“On these two commandments depend all the Law and the Prophets” (Matthew 22:40).
The lawyer got his answer, without having to interpret some parable or extract meaning from another miracle. Jesus left many aspects of our faith up for interpretation, but when it comes to the greatest commandment, He is pretty clear. Love God and love your neighbor, which requires that you love yourself.
In most other stories, the responses of those who hear Jesus’ teaching are recorded. In this story, we don’t know if the lawyer went away sadly, or if he slipped away quietly, or what. If we continue reading this chapter, we see this:
Whose Son Is the Christ?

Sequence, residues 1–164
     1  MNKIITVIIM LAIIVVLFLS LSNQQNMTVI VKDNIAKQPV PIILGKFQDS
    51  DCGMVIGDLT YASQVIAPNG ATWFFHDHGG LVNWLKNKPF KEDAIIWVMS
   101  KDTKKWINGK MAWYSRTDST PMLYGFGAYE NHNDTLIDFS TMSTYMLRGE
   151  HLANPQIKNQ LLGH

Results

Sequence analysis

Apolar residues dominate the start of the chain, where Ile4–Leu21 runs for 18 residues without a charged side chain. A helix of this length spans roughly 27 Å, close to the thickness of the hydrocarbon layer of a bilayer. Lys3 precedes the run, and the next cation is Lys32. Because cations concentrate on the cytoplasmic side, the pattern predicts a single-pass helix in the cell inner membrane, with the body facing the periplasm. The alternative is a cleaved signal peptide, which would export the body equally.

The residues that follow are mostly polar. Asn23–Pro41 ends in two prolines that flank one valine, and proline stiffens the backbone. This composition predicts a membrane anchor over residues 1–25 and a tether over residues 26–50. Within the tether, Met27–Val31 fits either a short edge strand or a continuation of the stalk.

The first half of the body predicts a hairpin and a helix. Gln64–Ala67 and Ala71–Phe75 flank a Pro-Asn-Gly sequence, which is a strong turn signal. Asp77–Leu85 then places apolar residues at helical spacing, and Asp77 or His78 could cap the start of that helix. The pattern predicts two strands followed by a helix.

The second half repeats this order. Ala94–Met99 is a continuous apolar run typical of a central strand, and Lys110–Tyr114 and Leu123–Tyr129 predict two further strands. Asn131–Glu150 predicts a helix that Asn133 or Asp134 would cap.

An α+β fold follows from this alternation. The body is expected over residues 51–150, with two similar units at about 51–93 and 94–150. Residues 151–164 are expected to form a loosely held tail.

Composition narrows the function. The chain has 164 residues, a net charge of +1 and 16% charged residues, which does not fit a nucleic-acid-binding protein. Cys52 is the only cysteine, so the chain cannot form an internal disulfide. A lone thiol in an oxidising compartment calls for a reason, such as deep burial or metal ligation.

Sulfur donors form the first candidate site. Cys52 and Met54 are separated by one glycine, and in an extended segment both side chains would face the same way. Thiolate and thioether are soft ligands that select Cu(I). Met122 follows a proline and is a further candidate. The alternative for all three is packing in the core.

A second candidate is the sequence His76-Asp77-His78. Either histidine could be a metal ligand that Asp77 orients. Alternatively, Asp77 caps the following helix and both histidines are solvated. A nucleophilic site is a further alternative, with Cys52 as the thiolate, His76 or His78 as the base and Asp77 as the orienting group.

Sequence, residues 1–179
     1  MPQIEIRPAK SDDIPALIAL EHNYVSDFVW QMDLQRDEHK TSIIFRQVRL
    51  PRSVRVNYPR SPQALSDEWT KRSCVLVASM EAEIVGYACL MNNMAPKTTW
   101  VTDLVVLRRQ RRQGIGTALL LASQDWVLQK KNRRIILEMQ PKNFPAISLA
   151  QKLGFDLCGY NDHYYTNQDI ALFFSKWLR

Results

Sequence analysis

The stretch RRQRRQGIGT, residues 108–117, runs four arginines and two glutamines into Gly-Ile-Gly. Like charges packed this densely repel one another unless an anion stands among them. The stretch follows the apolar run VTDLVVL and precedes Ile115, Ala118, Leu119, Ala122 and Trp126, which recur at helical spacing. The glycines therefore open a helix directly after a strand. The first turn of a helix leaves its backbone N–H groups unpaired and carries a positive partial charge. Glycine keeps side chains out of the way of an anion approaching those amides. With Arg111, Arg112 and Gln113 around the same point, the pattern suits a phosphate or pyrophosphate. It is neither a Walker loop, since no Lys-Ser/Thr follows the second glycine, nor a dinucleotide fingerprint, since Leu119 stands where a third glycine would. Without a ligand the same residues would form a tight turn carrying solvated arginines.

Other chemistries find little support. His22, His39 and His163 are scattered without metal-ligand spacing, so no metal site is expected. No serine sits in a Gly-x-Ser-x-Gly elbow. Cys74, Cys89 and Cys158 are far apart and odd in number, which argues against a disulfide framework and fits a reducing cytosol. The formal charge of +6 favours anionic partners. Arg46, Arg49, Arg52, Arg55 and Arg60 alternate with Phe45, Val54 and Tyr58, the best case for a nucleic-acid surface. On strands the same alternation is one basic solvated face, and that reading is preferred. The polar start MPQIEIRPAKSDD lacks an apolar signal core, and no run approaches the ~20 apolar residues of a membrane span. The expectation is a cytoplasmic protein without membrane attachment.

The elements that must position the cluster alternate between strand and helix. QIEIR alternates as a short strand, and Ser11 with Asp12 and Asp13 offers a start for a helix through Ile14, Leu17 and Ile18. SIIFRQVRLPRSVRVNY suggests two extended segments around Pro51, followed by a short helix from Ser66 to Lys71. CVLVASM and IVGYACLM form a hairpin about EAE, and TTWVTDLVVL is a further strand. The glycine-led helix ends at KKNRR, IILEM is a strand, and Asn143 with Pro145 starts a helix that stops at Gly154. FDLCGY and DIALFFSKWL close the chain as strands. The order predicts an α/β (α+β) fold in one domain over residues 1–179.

41 Now while the Pharisees were gathered together, Jesus asked them a question, 42 saying, “What do you think about the Christ? Whose son is he?” They said to him, “The son of David.” 43 He said to them, “How is it then that David, in the Spirit, calls him Lord, saying,
44 “‘The Lord said to my Lord,
“Sit at my right hand,
until I put your enemies under your feet”’?
45 If then David calls him Lord, how is he his son?” 46 And no one was able to answer him a word, nor from that day did anyone dare to ask him any more questions.
I don’t have a problem not being able to answer questions, but I also hope I never ask them with the same motivation as the Pharisees.